Karnataka HC stays ban, restrictions imposed on online classes

In a setback to the State government, the High Court of Karnataka on Wednesday stayed the initial ban and the subsequent curbs imposed on schools against conducting online classes from pre-primary level to class 10.

Prima facie the ban and the curbs imposed on conducting online classes violate Articles 21 and 21A of the Constitution, which guarantees fundamental right to education as the online mode is the only way available at present to impart education to the students in view of the closure of regular schools owing to COVID-19 pandemic, the court said.

A Division Bench comprising Chief Justice Abhay Shreeniwas Oka and Justice Nataraj Rangaswamy passed the interim order staying the government’s June 15 and 27 orders, legality of which were challenged by several parents and schools.

The Bench said the government lacked powers under the Karnataka Education Act, 1983 to impose ban or restrictions on online education.

Court’s clarification

However, the Bench made it clear that this order should not be construed as if schools have the right to make online education compulsory and can charge fees to impart education in online mode. Also, it should not be construed that students who cannot opt for online classes can be deprived of the education when regular classes commence, the court clarified.

Not being able to give online education in some sections of schools, including government schools, is not a ground to stop other schools from giving online education, the Bench said while referring to the government’s contention that petitions were filed by “elite” schools and parents sending their children to such schools, and many parents and schools cannot opt for online education.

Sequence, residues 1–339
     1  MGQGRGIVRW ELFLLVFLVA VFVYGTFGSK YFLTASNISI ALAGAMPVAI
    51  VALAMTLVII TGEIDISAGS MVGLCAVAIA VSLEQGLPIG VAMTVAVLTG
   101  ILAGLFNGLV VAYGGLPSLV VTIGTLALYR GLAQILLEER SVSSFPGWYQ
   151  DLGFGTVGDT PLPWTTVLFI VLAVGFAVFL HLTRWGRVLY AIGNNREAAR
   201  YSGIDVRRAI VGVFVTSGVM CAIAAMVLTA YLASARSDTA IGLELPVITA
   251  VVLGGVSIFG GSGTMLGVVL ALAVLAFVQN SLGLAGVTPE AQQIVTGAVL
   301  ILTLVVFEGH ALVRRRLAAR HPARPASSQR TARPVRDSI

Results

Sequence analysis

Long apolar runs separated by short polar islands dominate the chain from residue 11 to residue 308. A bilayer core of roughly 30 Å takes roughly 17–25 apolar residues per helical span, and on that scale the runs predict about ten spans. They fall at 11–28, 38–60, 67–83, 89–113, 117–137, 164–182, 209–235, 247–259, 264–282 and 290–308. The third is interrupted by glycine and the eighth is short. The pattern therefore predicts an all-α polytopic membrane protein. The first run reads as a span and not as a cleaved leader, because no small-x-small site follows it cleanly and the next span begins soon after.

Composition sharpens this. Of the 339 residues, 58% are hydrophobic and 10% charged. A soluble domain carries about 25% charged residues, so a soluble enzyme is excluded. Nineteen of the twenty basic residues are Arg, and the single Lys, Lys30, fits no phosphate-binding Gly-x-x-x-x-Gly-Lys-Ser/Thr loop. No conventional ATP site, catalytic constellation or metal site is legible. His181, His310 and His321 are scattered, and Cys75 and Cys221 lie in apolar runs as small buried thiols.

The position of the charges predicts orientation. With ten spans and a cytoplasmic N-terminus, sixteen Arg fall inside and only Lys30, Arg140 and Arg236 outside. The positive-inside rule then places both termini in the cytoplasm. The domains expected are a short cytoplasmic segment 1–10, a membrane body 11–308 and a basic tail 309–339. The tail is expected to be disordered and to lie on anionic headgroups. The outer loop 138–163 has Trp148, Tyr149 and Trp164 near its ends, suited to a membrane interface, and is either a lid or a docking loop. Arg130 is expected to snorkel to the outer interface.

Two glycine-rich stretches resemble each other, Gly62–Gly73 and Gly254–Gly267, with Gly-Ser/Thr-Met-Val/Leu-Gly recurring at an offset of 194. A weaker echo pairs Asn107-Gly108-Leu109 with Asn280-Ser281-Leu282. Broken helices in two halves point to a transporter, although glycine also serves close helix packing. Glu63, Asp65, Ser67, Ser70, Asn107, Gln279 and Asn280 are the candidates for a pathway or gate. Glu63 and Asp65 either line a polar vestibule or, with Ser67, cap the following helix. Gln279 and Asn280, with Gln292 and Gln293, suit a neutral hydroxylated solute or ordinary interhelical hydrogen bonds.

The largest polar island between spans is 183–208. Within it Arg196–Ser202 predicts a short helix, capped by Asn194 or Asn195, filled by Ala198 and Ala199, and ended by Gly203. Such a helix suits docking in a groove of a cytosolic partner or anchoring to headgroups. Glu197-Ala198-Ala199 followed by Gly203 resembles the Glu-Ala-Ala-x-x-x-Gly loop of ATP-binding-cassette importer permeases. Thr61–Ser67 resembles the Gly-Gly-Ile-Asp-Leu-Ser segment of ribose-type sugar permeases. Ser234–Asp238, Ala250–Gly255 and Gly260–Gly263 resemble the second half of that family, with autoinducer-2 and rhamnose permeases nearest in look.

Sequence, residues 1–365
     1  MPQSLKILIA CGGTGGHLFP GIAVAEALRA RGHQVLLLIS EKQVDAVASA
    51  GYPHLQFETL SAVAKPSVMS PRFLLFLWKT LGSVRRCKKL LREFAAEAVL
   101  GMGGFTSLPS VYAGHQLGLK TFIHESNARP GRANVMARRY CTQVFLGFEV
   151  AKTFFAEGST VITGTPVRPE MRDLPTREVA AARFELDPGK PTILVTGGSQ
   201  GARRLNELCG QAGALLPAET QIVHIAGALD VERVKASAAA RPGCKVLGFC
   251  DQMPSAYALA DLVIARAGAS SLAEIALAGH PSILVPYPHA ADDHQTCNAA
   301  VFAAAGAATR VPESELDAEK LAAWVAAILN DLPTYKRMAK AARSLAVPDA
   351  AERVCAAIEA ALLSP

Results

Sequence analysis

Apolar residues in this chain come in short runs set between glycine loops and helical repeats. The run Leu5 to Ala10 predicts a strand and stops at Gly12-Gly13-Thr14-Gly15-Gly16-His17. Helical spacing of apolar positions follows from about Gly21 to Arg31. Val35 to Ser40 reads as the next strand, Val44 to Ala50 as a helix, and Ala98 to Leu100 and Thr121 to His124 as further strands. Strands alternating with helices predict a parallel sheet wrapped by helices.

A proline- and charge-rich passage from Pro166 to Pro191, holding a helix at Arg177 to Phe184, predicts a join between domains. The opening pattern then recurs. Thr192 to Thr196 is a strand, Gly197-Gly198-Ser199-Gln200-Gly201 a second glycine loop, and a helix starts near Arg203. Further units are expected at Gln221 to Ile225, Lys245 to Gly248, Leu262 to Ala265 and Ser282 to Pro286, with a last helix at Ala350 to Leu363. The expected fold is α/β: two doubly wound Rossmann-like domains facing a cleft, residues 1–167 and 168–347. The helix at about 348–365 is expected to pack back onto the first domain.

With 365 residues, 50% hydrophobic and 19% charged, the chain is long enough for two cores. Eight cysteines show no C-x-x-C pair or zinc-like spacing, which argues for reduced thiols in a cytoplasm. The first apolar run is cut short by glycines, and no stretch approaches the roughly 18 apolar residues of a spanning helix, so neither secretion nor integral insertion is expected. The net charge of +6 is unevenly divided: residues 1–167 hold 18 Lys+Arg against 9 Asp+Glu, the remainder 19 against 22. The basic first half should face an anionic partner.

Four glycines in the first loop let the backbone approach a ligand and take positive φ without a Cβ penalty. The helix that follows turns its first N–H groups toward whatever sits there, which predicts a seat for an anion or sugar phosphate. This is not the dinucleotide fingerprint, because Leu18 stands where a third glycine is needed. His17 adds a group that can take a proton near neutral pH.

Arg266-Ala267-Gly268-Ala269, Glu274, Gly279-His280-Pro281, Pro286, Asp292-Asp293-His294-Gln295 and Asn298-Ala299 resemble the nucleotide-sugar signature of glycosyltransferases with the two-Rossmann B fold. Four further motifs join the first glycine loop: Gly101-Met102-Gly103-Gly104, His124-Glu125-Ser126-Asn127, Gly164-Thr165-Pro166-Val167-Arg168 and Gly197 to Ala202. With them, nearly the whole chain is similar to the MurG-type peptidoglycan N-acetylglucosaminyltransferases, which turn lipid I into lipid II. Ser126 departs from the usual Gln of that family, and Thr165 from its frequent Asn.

Going by the Article 21 and 21A of the Constitution, the State government will have to take steps to ensure that those students not studying in “elite” schools and those in the schools run by the government are not deprived of education during this pandemic, and, in fact, the government will have to create infrastructure to give education in such types of schools during this period.

Noticing that the Union government, in its COVID-19 guidelines had favoured encouraging online education as regular schools are ordered to be closed till July 31, the Bench observed that considering the situation created by the pandemic, there is not even an expectation that the schools will be opened immediately after July 31.

The Bench said that prima facie “no rational basis” can be found in the government’s decisions as on June 15 online education from pre-primary to class 5 was completely banned while allowing it for classes 6 to 10, and on June 27 severe curbs were imposed on online education for classes 1 to 10 while completely banning online education for pre-primary classes.

‘Strange embargo’

“It is difficult to understand what prompted the government to impose embargo on online education for classes 6 to 10 in the June 27 order when there was no such curbs in the June 15 order,” the Bench observed while pointing out that there was no intention to prohibit or curb online education in the Pragyata guideline for digital education of the Ministry of Human Resource Development.

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Printable version | May 13, 2021 12:21:05 AM | https://www.thehindu.com/news/national/karnataka/karnataka-hc-stays-ban-restrictions-imposed-on-online-classes/article32021598.ece

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